Transporter Bridge

Alistair Lea

The much-anticipated opening of the new Aberdeen South Harbour has been described by a tourism expert as a “game changer” for the local cruise market. The £350 million expansion of Aberdeen Harbour, due for completion in 2020, will attract much bigger cruise ships to the port. This, in turn, will increase visitor numbers to north-east tourist attractions and shops. After the recent woes of the oil and gas sector in the Aberdeen area, this bright outlook for the tourism industry will give a welcome boost to the north-east economy. Aberdeen South Harbour will
transform the port’s ability to accommodate the trend for larger vessels being used in a range of industries, including cruises.


This connection was explored by architect Chris Smith when he presented his idea of suspended cable car. The cable car connected Nigg Bay, Beachfront and the Citadel. It was hoped that this footfall would regenerate these areas. This was initially dubbed as a “mad idea” although was surprisingly “very well received”. This project aims to create a crossing that creates a similar sense of wonder and give tourists a more exciting first impression of Aberdeen.


Years ago, a crofter in the Scottish Highlands wished to make a short cut from his cottage across a turbulent mountain stream, which separated it from the main road. So he stretched two stout cables between two trees which grew on either side of the stream. The stream was too wide for an ordinary plank bridge, and he, being a poor man, could not afford to build a better structure solely for his own and his family’s convenience. He compromised with these two ropes. He and his wife could cross the stream by walking on one rope and holding on to the other, which was several feet above it. This was too perilous a performance for his young children, and their careful father rigged up a pulley arrangement whereby he could haul them across, one at a time, in a suspended game-bag. He had not produced a transporter bridge in the modern sense of the term, but at least he had applied the idea of the transporter.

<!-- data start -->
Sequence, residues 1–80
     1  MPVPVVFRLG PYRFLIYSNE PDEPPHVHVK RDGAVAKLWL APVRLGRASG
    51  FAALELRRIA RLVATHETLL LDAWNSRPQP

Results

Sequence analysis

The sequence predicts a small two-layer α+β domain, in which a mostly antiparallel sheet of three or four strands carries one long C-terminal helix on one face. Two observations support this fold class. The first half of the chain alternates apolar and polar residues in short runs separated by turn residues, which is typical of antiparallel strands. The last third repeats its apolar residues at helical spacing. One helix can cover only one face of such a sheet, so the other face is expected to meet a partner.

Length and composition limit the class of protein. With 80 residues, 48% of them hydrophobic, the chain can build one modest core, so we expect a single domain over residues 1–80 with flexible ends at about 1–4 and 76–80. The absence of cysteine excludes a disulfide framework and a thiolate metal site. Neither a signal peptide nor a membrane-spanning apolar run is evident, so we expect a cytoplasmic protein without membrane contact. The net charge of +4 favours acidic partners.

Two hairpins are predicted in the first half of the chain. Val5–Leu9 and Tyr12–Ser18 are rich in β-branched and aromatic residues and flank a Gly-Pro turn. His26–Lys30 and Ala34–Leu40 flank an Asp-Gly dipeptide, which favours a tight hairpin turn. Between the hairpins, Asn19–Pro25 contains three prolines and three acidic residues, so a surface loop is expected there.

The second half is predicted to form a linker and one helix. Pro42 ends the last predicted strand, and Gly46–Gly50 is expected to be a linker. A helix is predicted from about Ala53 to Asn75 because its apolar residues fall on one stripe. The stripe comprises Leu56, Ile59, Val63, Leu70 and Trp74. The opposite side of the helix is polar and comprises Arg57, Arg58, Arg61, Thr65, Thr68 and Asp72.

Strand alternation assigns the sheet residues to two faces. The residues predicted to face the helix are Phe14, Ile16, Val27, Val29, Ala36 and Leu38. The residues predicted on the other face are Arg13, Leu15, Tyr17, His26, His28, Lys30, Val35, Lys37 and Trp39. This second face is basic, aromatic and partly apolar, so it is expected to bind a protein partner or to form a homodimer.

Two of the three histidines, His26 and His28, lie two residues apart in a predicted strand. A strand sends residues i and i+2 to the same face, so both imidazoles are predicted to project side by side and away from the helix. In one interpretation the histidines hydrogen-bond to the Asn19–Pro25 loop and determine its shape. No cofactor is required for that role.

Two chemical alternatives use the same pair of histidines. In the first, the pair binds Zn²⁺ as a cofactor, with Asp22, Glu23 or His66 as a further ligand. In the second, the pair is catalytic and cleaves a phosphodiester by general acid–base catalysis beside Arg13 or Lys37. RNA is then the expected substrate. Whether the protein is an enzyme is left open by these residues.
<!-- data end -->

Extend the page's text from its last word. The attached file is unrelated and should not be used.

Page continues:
This project furthers this concept by using this technology to allow a hydrogen bus to cross the harbour, without interrupting the flow of traffic below. The crossing will bring tourists from the new harbour on a journey into the city centre and allow residents to explore Aberdeen’s extremities. Cities around the world are characterised by one land mark that you notice upon entering. Aberdeen shall be known for its transporter bridge, combining fun and practicality.


Towns and cities are formed at the edges of bridges, when one group of people need to wait for the other to cross there is a captive market and hence retail units are erected. Visitors and residents of Aberdeen will be able to take the futurist elevators to the top of the structure where they can congregate in the vibrant mixed use space where they can see the city of Aberdeen from a brand new perspective. The transporter bridge will be the first stop on an exciting journey for the new hydrogen bus.